git clone 'https://github.com/ztellman/proteus.git'

(ql:quickload :ztellman.proteus)

Proteus gives you back the local mutable variables you've so dearly missed.


Add this to your project.clj:

[proteus "0.1.6"]

Proteus exposes a single macro, proteus/let-mutable:

(use 'proteus)

(let-mutable [x 0]
  (dotimes [_ 100]
    (set! x (inc x)))

let-mutable gives you variables that can be set using set! within the scope. Since it's unsynchronized and doesn't box numbers, it's faster (often significantly) than Clojure's volatiles, atoms, or refs. However, these variables cannot escape the local scope; if passed into a function or closed over, the current value of the variable will be captured. This means that even though this is unsynchronized mutable state, there's no potential for race conditions.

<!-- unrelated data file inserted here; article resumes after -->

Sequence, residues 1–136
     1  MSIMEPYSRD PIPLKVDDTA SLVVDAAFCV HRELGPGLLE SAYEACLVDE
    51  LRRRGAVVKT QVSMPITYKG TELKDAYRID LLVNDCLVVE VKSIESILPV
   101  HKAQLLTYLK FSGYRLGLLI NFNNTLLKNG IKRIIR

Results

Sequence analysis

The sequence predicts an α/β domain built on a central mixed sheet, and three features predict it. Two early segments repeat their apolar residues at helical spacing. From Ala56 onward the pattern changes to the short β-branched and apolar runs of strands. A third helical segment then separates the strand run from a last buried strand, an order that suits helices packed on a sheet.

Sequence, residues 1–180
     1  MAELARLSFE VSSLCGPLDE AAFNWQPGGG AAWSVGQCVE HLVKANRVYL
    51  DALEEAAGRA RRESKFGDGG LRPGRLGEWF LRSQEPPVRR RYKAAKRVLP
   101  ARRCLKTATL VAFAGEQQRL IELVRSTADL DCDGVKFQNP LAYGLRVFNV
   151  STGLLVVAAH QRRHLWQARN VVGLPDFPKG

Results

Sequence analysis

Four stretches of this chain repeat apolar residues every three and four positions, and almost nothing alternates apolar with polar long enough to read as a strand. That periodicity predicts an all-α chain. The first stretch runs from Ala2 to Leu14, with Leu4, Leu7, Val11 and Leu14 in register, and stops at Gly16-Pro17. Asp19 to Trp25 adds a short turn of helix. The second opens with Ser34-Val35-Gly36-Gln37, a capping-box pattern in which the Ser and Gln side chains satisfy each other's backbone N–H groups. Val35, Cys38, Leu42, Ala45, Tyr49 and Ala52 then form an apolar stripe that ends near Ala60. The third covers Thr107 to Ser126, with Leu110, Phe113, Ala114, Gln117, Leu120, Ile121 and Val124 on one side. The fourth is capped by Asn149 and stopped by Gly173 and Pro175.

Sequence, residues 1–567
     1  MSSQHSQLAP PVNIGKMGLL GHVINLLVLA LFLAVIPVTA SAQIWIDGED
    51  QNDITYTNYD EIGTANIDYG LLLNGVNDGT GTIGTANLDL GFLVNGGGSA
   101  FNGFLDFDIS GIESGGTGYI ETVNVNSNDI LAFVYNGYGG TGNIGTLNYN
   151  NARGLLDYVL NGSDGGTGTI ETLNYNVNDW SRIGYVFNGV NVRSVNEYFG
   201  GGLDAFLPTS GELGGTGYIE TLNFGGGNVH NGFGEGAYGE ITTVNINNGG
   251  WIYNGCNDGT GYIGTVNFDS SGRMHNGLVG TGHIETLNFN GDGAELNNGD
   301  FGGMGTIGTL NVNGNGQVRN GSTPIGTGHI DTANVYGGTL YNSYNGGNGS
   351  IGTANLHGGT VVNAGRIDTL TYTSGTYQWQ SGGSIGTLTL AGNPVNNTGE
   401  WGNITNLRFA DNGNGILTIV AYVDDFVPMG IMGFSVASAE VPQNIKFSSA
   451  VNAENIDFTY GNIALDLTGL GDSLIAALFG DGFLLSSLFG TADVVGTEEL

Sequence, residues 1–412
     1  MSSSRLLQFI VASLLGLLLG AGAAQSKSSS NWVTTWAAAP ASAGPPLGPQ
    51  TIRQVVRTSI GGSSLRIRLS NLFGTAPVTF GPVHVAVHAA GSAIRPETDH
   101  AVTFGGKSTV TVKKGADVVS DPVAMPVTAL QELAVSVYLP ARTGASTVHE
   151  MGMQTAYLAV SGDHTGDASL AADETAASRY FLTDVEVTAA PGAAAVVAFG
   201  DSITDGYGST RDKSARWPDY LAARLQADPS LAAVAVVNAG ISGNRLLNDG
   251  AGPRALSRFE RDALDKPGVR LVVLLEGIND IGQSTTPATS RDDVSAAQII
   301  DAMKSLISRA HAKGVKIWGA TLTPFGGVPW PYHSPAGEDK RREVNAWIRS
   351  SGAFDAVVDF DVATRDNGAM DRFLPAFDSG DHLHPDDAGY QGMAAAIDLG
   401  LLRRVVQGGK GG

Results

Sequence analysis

Unless, of course, you want there to be. It can be sometimes useful to close over the variable rather than the value, for instance when trying to communicate more than the new value from within a swap! call.

(let [a (atom 0)]
  (let-mutable [x :foo]

    (swap! a
      (fn [a]
        (set! x :bar)
        (inc a)))


Here we've hinted the closure as :local, meaning that it's only called within the local scope. Since this is true for swap!, we can safely use the mutable variable as a side-channel for communication. However, using :local on a non-local closure may have strange, reality-defying effects. Use at your own risk.

That's it. That's the end of the library.


Copyright © 2013 Zachary Tellman

Distributed under the MIT License.